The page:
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Title: Nanoscale materials for hyperthermal theranostics

Recently, the use of nanoscale materials has attracted considerable attention with the aim of designing personalized therapeutic approaches that can enhance both spatial and temporal control over drug release, permeability, and uptake. Potential benefits to patients include the reduction of overall drug dosages, enabling the parallel delivery of different pharmaceuticals, and the possibility of enabling additional functionalities such as hyperthermia or deep-tissue imaging (LIF, PET, etc.) that complement and extend the efficacy of traditional chemotherapy and surgery. Our mini review is focused on an emerging class of nanometer-scale materials that can be used both to heat malignant tissue to reduce angiogenesis and DNA-repair while simultaneously offering complementary imaging capabilities based on radioemission, optical fluorescence, magnetic resonance, and photoacoustic methods.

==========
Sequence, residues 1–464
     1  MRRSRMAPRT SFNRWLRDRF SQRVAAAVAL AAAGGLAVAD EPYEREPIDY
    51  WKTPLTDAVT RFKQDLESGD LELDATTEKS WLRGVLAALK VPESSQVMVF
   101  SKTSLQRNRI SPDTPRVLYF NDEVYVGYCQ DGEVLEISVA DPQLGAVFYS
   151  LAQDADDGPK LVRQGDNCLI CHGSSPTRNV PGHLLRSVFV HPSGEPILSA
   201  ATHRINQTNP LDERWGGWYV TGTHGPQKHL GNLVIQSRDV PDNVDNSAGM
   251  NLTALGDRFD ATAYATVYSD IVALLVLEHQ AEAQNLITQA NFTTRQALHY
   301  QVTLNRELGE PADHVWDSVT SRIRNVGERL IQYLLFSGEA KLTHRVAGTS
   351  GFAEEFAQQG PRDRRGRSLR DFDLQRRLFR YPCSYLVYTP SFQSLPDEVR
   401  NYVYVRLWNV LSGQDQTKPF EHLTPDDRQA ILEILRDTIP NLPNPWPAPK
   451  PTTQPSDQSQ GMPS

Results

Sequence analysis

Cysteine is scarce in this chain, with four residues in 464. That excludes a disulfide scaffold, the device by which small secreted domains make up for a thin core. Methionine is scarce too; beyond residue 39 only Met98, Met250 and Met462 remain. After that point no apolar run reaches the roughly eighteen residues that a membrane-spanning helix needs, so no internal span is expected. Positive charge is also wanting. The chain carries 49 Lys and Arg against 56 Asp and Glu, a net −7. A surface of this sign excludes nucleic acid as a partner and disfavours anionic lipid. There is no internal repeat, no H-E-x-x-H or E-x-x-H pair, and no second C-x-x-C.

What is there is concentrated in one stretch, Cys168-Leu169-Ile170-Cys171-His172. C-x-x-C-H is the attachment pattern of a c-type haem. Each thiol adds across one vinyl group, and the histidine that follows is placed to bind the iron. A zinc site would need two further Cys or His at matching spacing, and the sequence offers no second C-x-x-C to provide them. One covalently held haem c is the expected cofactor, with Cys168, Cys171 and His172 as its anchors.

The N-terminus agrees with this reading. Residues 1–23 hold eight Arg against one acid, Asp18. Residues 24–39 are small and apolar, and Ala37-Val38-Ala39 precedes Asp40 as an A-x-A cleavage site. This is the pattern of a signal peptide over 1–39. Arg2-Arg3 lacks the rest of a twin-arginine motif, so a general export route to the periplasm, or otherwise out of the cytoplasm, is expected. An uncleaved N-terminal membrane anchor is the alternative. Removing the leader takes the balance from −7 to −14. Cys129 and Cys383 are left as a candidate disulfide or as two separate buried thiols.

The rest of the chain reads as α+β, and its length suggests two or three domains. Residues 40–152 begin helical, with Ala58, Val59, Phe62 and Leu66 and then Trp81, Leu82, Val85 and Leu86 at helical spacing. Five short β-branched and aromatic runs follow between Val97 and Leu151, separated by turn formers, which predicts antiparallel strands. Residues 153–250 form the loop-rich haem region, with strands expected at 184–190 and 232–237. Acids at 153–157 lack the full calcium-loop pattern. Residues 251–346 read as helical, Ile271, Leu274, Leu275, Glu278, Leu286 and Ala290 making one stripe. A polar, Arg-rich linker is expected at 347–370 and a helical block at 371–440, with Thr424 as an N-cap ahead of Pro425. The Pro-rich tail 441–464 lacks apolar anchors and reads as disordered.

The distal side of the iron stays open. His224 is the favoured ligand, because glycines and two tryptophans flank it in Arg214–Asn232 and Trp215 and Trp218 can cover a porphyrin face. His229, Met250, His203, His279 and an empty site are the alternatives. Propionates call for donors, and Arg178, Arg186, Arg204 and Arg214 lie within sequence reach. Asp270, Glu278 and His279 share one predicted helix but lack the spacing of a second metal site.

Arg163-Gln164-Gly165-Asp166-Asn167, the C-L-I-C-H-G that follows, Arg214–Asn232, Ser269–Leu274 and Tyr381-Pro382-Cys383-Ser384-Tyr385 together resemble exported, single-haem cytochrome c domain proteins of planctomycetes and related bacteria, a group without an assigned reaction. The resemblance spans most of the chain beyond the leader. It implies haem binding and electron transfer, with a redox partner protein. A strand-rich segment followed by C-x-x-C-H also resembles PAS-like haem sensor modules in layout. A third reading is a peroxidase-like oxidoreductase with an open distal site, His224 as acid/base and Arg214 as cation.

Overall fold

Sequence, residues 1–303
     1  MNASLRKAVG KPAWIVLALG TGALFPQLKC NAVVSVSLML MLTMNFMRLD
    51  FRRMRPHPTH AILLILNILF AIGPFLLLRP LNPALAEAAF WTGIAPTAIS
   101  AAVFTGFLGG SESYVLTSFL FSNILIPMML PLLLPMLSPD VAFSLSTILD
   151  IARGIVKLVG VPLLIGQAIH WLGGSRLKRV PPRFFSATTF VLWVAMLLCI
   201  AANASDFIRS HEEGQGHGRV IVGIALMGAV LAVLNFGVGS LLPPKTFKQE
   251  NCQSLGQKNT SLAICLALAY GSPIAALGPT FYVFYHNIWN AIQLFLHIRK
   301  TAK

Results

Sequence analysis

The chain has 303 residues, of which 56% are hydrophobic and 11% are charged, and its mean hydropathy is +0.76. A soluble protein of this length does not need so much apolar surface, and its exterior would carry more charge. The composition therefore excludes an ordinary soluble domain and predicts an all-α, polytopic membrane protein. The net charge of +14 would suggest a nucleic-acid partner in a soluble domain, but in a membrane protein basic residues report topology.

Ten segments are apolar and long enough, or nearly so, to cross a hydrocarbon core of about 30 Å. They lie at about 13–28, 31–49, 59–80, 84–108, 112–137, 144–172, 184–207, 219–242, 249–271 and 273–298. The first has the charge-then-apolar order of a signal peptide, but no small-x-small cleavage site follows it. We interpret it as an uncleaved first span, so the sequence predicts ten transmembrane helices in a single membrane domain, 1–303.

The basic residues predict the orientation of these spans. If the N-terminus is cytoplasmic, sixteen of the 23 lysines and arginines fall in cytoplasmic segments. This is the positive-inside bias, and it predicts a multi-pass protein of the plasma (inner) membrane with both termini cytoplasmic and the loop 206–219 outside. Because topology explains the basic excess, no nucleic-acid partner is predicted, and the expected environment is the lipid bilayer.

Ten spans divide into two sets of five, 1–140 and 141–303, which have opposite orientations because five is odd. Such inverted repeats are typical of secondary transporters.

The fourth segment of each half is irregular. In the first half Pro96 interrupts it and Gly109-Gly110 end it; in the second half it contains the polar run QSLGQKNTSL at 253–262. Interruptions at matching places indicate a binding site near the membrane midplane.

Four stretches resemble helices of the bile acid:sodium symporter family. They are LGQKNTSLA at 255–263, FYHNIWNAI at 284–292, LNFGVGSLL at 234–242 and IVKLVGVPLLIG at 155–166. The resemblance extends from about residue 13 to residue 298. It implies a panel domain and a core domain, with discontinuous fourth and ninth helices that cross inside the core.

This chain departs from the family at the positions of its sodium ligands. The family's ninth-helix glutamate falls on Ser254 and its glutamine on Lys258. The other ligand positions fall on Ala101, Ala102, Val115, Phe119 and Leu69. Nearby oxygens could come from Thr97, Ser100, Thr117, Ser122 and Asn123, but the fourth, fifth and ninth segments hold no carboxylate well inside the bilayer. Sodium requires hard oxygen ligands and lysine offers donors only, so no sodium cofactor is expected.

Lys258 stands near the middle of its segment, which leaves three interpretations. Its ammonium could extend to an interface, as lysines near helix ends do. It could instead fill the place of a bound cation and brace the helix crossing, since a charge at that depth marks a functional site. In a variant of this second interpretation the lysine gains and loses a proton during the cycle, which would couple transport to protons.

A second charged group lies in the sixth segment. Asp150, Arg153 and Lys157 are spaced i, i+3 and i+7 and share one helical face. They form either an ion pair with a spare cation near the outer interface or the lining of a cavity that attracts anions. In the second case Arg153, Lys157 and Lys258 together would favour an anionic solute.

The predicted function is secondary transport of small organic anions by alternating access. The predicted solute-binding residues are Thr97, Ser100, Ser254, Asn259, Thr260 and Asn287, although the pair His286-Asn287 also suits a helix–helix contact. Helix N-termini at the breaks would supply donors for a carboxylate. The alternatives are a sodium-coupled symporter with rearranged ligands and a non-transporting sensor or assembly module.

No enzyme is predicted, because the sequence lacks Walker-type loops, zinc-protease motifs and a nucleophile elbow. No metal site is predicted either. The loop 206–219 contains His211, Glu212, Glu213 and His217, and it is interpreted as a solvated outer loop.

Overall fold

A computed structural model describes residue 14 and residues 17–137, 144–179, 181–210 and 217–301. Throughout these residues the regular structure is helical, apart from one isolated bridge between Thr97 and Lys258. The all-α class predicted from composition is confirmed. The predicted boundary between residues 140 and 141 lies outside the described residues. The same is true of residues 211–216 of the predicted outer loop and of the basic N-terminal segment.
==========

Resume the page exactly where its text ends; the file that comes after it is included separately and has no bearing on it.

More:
[1] ;  [2] ;  [3] ;  [4]
  1. Univ. of Washington, Seattle, WA (United States). Dept. of Chemistry
  2. Univ. of Washington, Seattle, WA (United States). Material Science & Engineering Dept.
  3. Univ. of Washington, Seattle, WA (United States). Material Science & Engineering Dept
  4. Univ. of Washington, Seattle, WA (United States). Material Science & Engineering Dept; Pacific Northwest National Lab. (PNNL), Richland, WA (United States). Fundamental & Computational Sciences Directorate
Publication Date:
OSTI Identifier:
Grant/Contract Number:
AC06-76RLO1830; DGE-1256082; FA95501210400
Accepted Manuscript
Journal Name:
Additional Journal Information:
Journal Volume: 7; Journal Issue: 16; Journal ID: ISSN 2040-3364
Royal Society of Chemistry
Research Org:
Pacific Northwest National Laboratory (PNNL), Richland, WA (United States)
Sponsoring Org:
USDOE; Air Force Office of Scientific Research
Country of Publication:
United States
77 NANOSCIENCE AND NANOTECHNOLOGY; 60 APPLIED LIFE SCIENCES; 62 RADIOLOGY AND NUCLEAR MEDICINE therapeutic approach; nanoscale materials; angiogenesis; DNA-repair; radioemission; optical fluorescence; magnetic resonance; photoacoustic methods